Allergy. This is not amenable to surgery and must be treated continuously with sprays such as Nasonex or Rhinocort.
Bent septum. Septoplasty is the name given to the operation to straighten the septum.
Polyps. These can be detected by examining the nose with an endoscope (telescope) or by a CT scan.
Adenoids. Usually only found in children, though still present in some allergic adults.Palate. A long soft palate and uvula.
Large tonsils. The main reason for tonsillectomy in adults is snoring.
Large tongue. Generally people who are overweight have a large tongue. This crowds the airway and is a major contributor to snoring. There is no straight forward operation to decrease the size of the tongue. It is far safer to lose weight under the guidance of a dietician.
A small jaw will place the tongue further backwards in the mouth therefore predisposing to snoring.
A short neck crowds the airway.
Increased general weight. This thickens the tissues within the throat.
The best way to reduce snoring is to reduce weight and avoid all alcohol.
Surgery can be helpful but does not cure snoring as the problem is often multifactorial. Alcohol will still need to be avoided. Weight loss may still be required.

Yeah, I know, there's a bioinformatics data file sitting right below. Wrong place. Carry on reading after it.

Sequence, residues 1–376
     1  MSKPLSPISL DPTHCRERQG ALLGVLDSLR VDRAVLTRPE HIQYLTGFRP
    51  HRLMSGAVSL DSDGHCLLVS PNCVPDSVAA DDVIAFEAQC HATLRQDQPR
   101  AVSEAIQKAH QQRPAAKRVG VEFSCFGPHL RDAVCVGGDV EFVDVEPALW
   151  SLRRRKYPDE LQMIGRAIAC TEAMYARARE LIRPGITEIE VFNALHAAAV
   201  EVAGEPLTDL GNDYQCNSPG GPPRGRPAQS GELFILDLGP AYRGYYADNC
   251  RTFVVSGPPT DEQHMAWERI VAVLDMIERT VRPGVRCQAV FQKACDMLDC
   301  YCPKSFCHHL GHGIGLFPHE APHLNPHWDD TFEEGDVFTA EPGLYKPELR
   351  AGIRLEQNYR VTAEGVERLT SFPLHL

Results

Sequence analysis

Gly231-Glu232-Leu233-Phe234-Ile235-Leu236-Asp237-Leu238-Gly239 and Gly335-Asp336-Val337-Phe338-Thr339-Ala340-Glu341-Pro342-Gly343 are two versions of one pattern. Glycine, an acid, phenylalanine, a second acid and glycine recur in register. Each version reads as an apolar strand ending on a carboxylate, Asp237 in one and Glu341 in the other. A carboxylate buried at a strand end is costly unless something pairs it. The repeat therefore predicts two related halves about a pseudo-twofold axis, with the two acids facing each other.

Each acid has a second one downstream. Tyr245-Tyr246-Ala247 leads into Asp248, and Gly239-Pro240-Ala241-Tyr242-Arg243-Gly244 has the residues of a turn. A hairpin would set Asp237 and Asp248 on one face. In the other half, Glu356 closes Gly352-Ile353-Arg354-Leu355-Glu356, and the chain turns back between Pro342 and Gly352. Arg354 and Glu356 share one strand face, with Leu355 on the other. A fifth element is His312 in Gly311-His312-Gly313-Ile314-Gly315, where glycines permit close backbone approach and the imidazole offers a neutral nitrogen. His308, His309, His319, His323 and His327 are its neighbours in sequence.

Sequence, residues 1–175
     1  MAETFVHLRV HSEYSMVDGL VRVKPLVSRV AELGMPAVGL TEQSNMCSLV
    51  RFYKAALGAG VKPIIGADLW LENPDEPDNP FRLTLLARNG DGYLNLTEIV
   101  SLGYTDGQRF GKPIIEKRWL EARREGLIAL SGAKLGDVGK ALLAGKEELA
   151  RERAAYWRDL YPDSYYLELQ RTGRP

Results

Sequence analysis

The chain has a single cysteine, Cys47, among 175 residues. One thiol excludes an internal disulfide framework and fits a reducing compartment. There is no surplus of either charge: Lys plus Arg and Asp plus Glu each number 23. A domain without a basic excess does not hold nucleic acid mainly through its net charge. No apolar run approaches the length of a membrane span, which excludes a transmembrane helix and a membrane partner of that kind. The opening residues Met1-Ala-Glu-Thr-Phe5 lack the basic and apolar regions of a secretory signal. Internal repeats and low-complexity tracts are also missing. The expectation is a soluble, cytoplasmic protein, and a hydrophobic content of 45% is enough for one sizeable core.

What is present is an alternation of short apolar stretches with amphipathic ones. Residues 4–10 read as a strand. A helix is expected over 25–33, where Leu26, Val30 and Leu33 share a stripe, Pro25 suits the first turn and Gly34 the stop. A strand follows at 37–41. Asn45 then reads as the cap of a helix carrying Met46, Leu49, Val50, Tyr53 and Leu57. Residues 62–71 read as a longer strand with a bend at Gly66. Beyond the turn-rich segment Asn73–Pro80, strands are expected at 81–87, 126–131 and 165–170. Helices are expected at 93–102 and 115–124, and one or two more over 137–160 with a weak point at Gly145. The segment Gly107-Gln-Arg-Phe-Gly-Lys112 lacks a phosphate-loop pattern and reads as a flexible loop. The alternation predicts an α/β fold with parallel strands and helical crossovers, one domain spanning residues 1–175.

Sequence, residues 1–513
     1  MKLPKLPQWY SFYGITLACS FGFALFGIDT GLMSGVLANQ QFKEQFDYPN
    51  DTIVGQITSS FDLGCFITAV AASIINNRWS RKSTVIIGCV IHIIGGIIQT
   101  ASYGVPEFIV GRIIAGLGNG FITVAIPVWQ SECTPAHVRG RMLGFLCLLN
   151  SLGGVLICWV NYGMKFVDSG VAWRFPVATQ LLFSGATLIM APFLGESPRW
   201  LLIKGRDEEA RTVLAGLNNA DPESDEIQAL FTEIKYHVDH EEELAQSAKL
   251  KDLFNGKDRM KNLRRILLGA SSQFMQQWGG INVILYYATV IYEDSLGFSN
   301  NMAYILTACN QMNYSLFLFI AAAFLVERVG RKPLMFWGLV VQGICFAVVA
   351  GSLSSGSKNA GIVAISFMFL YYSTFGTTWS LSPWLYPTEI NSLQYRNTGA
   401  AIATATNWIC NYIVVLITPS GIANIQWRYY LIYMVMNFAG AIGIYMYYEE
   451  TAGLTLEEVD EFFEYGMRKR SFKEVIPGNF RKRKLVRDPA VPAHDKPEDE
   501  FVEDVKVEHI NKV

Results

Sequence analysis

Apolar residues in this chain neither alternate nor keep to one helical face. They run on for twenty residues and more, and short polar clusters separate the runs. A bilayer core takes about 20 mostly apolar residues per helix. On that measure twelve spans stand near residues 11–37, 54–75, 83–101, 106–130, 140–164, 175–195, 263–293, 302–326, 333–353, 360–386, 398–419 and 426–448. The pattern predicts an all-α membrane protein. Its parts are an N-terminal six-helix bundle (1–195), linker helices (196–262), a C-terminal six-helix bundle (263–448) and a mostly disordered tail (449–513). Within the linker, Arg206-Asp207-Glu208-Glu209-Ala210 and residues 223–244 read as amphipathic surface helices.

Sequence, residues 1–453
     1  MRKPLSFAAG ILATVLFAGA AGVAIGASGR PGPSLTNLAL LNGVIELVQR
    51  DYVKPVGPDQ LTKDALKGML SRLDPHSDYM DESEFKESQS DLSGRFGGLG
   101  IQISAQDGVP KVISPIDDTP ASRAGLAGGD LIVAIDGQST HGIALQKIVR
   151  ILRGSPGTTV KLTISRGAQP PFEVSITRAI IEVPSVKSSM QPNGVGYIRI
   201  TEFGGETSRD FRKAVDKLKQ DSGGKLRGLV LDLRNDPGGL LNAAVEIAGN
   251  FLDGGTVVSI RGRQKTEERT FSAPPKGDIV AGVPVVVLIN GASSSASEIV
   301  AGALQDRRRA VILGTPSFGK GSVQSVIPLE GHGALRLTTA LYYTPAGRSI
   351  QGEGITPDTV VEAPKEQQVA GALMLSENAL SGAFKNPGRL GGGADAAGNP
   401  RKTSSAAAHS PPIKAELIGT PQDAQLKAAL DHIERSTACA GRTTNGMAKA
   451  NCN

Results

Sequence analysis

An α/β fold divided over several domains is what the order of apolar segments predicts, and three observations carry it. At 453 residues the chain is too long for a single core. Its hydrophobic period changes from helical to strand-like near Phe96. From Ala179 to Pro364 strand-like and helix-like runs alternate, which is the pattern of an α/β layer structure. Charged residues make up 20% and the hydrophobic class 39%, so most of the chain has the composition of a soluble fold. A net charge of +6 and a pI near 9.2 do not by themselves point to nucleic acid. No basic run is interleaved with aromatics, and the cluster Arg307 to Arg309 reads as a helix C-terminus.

Multiple procedure operations are often suggested as the causes are multifactorial.
An 8/10 success rate is quoted. This means 2/10 need to consider further radical surgery such as jaw advancement.
Snoring surgery involving the throat is extremely painful for at least 8-10 days. Possible late complications include:
Sleep apnoea is separate to snoring. It involves a central component whereby the brain tolerates low levels of oxygen, sometimes dangerously low. Snoring surgery does not cure sleep apnoea though it can sometimes become less severe.